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In Memoriam: Alfred Gilman

(06/30/1941 - 12/23/2015)Member since 2013

Alfred Goodman Gilman, MD, PhD, Nobel laureate and fellow of the AACR Academy, died December 23, 2015, at the age of 74. Gilman, regental professor emeritus of pharmacology at the University of Texas (UT) Southwestern Medical Center in Dallas, had a distinguished career as a pharmacology professor, medical school administrator, and industry advisor.

Gilman shared the 1994 Nobel Prize in physiology or medicine with his colleague Martin Rodbell, PhD, for their discovery of guanine nucleotide-binding regular proteins (G proteins) and the role of these proteins in intracellular signal transduction.

This pioneering research regarding G proteins provided a basis for understanding fundamental principles governing cell communication and signal transduction. This research has since resulted in the development of a large number of therapeutic agents that specifically target receptors that interact with G proteins. Collectively, these findings have had profound effects on the understanding of diseases ranging from cancer to cholera. Gilman and colleagues also elucidated the structure and mechanism of regulation of adenylyl cyclase, an important target of G proteins, demonstrating how stimulatory and inhibitory G proteins are capable of regulating the enzyme bidirectionally by interactions at pseudo-symmetrical sites.

Born July 1, 1941, in New Haven, Connecticut, Gilman was exposed to science in childhood; his father was a renowned pharmacologist at Yale University, and then founding head of pharmacology at the Albert Einstein School of Medicine at Yeshiva University in New York. Gilman earned his bachelor’s degree in biochemistry at Yale in 1962, and his medical degree and a doctorate in pharmacology from Case Western Reserve University in Cleveland in 1969.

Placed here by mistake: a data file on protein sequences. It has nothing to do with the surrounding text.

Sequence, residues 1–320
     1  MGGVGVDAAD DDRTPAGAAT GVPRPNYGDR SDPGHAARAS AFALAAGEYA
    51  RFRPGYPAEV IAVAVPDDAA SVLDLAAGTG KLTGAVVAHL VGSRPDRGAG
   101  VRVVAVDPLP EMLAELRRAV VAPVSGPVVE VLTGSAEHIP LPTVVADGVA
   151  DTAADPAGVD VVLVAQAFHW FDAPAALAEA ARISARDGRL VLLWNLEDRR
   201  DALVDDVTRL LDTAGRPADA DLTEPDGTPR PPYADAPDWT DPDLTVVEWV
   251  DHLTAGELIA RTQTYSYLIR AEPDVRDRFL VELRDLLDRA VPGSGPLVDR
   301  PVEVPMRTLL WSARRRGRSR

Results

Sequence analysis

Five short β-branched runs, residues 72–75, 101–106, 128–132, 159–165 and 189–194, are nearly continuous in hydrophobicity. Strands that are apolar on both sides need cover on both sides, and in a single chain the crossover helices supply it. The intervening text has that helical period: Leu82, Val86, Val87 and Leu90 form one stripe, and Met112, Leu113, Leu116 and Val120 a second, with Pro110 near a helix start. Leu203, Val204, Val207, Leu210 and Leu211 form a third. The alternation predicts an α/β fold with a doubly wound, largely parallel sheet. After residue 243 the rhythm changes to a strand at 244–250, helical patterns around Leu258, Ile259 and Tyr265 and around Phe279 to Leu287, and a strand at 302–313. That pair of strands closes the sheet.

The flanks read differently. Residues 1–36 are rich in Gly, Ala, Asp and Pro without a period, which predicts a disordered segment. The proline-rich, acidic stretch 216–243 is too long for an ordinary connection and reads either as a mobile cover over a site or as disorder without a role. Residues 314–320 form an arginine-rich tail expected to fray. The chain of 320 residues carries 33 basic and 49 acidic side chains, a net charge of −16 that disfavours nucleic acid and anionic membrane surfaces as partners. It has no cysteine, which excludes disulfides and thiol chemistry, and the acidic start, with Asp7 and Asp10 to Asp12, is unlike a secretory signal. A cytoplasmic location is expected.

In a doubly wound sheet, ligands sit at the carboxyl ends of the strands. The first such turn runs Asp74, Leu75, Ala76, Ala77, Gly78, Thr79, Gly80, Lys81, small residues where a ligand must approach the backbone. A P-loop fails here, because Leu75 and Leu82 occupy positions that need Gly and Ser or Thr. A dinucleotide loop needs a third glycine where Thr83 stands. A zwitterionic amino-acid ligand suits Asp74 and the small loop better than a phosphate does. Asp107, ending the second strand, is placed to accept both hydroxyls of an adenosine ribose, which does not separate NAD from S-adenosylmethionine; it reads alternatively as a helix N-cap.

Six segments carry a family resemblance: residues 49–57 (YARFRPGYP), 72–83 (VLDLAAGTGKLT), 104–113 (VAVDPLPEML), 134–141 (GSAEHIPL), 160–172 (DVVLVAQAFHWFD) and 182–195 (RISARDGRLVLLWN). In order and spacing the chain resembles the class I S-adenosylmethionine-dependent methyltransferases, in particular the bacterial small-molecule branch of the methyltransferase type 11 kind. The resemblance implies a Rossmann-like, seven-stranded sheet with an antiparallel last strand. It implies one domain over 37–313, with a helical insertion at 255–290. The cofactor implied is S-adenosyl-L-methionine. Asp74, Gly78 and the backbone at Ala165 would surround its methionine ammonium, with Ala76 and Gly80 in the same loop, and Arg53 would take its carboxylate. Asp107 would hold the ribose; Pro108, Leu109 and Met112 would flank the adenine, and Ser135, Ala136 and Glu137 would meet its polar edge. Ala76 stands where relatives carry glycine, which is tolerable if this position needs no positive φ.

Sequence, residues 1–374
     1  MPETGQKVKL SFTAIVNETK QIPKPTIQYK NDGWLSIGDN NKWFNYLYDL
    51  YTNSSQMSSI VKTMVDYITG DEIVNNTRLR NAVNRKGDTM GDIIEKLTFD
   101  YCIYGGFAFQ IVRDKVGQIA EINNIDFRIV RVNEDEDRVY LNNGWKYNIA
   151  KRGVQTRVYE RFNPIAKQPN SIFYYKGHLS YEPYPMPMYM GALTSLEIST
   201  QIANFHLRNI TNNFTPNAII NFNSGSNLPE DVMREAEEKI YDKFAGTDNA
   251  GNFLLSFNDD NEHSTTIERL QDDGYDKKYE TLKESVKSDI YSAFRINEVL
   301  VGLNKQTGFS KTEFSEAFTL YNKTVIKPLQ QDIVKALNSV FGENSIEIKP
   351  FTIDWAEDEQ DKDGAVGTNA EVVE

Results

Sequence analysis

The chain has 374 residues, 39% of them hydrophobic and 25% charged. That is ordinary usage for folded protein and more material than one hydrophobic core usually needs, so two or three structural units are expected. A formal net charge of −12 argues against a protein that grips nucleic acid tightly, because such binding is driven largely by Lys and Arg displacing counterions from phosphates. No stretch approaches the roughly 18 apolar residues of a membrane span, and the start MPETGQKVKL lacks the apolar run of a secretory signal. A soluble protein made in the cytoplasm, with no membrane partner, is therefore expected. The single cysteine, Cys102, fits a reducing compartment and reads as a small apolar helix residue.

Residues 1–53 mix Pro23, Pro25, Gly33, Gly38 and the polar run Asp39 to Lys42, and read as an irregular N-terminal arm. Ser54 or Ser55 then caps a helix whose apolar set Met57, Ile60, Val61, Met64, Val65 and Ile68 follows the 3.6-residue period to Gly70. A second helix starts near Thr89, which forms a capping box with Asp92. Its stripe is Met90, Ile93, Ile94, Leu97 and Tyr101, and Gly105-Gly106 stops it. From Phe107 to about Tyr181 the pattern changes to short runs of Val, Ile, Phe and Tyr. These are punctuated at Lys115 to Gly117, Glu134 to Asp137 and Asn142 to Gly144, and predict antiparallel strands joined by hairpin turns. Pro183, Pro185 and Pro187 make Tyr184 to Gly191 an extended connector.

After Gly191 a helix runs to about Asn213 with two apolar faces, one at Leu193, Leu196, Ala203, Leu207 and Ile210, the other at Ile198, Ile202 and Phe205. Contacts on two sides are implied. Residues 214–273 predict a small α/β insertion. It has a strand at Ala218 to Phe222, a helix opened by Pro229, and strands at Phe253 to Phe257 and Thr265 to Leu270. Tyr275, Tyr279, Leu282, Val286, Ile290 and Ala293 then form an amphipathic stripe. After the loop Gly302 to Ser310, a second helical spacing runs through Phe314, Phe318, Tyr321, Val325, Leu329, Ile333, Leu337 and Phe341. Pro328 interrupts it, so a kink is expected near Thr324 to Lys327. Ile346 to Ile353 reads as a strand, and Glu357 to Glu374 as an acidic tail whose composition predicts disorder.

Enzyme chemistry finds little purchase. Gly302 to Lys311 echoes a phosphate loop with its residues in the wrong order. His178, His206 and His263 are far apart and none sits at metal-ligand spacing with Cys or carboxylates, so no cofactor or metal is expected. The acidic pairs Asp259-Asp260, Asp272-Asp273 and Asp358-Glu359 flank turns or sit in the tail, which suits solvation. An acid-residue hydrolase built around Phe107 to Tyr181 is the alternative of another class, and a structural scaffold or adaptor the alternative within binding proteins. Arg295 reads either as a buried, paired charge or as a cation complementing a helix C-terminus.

Following postdoctoral training in the Laboratory of Biochemical Genetics at the National Institutes of Health (1969-1971), Gilman joined the faculty at the University of Virginia in Charlottesville, where he served for 10 years in several positions, including professor in the Department of Pharmacology and director of the medical scientist training program. His research involving mutant leukemia cells at the University of Virginia during this time led to his Nobel-winning discovery of G proteins.

Gilman becgame chair of the Department of Pharmacology at UT Southwestern Medical Center in 1981. He was named dean of the Southwestern Medical School in 2004, and executive vice president for academic affairs and provost of the UT Southwestern Medical Center in 2006. Gilman retired from the university in 2009 to assume the role of chief scientific officer at the Cancer Prevention and Research Institute of Texas, a position in which he served until 2012. He was also co-founder and director of Regeneron Pharmaceuticals, Inc., and served as a director at Eli Lilly & Co.

In addition to his academic and industry duties, Gilman edited several editions of the renowned textbook, “The Pharmacological Basis of Therapeutics,” which his father, also named Alfred, originally co-authored with Louis S. Goodman, MD, and first published in 1941. The elder Gilman honored his colleague by giving his son the middle name of Goodman. Michael Brown, MD, a colleague of the younger Gilman’s at UT Southwestern Medical Center, noted that Gilman was probably the first scientist to be named after a textbook.

Gilman has been recognized with myriad honors and awards throughout his career in addition to the Nobel Prize and induction in the inaugural class of fellows of the AACR Academy in 2013, including the Albert Lasker Award for Basic Medical Research (1989), the Louisa Gross Horwitz Prize from Columbia University (1989), and membership in the National Academy of Sciences (1986).